I turn left on the two-lane road leading to the town of Sedona. The world outside transforms into something much different than the one I am accustomed to.
Towering red-rock Mountains appear unexpectedly. The striped hills are radically different from the ordinary-looking mesas overlooking the surrounding terrain. For the first time, the advertisements promoting this area ring true. I get the distinct impression there is something special here. There is suddenly hope the three thousand mile plane ride and the hotel suite awaiting my wife and I will prove to be a wise investment after all.
Sedona is a spiritual spa for die-hard vacationers as well as world-weary travelers searching for a way to resurrect their lives from an assortment of disappointments and failures. I am not here to seek advice from healers, psychic or life counselors. I am here to discover the heart and soul of this city out of time without the help of a tour guide.
Sedona is amazingly clean. There are no signs of litter in the streets or sidewalks, no unsightly garbage dumps to mar the town’s bright aura. The buildings, homes and streets all look brand new. Most of the architecture is a sort of southwest modern with earth tone colors alternating with pastels. It seems as though a beautiful, uniquely designed church abides on every street corner. No two homes look alike, yet no building seems out of place. There is an underlying unity of design but not at the expense of individuality.
The single-story adobe-style homes at street level and the larger mansions in the mountains have no bars on their yawning windows. They all look expensive, probably worth hundreds of thousand dollars each upwards into the millions. Incredibly, you don’t see gates in front of the winding driveways. There are no traffic lights clogging the two-lane road running throughout the town. Instead, they have what the locals call “round-a-bouts.” Here, the visitor finds an honor system where vehicles yield to the one reaching the four-way intersection first. Anyone who doesn’t obey the code is sure to be a tourist.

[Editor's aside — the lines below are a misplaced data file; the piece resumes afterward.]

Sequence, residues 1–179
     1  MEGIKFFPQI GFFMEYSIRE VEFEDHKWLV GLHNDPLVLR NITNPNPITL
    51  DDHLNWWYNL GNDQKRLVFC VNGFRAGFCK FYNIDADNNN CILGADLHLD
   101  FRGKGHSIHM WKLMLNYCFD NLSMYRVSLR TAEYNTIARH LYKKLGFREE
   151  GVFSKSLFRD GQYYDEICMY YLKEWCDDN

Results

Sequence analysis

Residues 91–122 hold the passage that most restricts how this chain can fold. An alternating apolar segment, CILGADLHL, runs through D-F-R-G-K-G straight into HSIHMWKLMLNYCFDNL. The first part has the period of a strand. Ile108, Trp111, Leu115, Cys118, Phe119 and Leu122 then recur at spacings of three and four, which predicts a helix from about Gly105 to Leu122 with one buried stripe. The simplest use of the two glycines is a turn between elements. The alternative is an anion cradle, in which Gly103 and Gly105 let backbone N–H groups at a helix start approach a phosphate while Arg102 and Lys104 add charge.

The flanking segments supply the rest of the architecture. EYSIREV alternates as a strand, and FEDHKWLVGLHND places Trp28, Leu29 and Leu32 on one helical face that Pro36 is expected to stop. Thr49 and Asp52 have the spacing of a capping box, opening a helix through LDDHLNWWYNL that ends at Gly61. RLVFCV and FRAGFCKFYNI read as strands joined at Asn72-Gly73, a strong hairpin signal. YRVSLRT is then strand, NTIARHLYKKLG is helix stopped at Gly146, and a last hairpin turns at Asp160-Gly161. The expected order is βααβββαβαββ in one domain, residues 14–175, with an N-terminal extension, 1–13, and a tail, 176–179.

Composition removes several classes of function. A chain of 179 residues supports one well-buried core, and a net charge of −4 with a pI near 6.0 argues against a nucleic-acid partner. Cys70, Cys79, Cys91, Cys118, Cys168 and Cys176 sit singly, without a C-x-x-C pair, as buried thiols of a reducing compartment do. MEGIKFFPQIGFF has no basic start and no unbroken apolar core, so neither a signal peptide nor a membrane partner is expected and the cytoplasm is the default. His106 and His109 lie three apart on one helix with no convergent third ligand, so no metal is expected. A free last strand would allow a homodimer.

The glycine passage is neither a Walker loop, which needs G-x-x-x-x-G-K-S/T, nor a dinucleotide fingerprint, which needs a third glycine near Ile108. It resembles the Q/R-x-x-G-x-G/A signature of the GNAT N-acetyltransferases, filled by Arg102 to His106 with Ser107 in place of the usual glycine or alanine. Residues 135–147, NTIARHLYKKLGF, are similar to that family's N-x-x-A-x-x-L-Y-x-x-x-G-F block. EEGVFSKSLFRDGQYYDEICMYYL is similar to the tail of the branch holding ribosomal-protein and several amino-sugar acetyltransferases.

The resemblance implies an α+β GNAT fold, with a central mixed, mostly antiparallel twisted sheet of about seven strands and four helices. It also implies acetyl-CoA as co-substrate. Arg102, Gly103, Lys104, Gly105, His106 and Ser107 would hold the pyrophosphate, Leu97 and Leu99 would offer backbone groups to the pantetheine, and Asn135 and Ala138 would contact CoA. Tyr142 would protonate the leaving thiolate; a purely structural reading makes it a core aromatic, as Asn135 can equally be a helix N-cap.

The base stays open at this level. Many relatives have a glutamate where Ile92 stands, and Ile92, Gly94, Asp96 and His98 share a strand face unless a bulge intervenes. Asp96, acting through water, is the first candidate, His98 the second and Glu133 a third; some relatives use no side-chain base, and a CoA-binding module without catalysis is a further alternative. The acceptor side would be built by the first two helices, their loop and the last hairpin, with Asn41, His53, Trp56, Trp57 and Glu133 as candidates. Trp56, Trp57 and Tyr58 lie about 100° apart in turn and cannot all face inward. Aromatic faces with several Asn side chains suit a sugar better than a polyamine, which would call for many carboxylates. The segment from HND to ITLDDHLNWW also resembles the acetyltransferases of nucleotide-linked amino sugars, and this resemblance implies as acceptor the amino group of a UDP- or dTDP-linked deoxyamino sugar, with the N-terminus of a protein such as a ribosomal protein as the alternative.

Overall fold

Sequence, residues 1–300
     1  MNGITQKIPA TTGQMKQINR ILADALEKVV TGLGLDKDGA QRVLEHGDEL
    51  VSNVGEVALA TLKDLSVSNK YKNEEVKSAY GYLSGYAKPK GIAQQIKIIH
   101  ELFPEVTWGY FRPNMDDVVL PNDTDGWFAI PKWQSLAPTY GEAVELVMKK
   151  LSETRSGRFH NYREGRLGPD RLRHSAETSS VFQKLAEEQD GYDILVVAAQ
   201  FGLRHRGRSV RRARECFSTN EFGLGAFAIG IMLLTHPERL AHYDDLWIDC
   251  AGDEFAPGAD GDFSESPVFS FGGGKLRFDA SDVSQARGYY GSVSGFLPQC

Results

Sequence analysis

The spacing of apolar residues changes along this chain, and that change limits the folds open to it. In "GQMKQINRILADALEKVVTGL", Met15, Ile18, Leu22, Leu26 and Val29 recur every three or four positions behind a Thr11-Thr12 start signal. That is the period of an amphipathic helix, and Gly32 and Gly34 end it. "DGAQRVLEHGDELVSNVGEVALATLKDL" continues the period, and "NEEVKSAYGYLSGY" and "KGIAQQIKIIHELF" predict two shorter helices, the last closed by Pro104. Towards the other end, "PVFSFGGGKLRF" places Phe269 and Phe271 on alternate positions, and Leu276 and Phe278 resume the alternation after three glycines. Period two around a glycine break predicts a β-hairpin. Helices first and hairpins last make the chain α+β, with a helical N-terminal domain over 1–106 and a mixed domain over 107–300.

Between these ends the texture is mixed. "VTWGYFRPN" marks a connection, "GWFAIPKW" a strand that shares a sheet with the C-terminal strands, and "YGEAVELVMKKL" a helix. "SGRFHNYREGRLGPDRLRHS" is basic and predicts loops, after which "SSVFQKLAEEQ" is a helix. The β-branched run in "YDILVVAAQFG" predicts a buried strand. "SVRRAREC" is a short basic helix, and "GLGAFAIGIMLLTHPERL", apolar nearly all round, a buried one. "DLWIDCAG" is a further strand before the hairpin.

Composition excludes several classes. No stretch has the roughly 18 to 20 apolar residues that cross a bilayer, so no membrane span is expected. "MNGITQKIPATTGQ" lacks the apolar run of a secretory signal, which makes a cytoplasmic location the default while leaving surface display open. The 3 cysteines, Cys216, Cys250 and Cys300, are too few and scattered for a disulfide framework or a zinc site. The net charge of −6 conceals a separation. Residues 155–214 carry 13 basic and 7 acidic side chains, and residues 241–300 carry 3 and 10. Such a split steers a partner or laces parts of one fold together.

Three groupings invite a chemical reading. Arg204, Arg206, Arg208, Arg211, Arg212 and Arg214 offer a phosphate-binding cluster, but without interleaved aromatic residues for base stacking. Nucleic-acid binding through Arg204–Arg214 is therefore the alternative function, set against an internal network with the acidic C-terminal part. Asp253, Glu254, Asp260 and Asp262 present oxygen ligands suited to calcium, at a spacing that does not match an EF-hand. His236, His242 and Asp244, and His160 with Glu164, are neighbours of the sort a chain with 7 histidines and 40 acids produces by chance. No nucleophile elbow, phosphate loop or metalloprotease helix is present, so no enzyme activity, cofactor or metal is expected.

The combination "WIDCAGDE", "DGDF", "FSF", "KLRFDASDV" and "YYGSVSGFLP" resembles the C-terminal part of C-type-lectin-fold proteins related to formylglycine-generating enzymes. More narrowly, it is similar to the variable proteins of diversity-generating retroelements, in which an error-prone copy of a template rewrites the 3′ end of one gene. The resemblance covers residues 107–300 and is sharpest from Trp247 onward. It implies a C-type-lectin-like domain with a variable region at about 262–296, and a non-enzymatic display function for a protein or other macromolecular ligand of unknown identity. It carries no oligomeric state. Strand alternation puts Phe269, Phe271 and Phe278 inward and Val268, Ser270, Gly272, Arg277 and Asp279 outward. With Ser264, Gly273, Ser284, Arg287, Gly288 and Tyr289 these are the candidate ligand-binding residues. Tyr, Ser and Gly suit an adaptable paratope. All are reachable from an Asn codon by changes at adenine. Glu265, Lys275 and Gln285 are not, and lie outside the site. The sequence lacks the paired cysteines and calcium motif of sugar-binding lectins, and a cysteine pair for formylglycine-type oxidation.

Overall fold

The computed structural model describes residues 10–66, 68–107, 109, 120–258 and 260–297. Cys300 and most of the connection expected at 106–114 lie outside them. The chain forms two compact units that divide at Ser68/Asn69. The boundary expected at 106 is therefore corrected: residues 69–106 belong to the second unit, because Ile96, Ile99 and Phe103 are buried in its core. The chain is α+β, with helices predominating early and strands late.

I spend most of my time here in art galleries and walking around slack jawed, agape at the rock formations, multi-colored mountains, and fiery sunsets. I feel “buzzed” every waking moment. Even shopping, which I normally hate, feels like an acid trip. The town itself, I think, is one huge energy vortex.
Young people flock here as if drawn to the area by the magnetic power of the town’s famous energy vortexes. Many of the transplants have fled small towns where they grew up throughout the west to taste big city life. After living in places like Houston, Phoenix, and Santa Fe, they search for something else. They find it in Sedona, where small city values couple with new vistas of financial and cultural opportunity.
Everyone you meet here seems to be from somewhere else. Heaven is likely to be quite similar, come to think of it.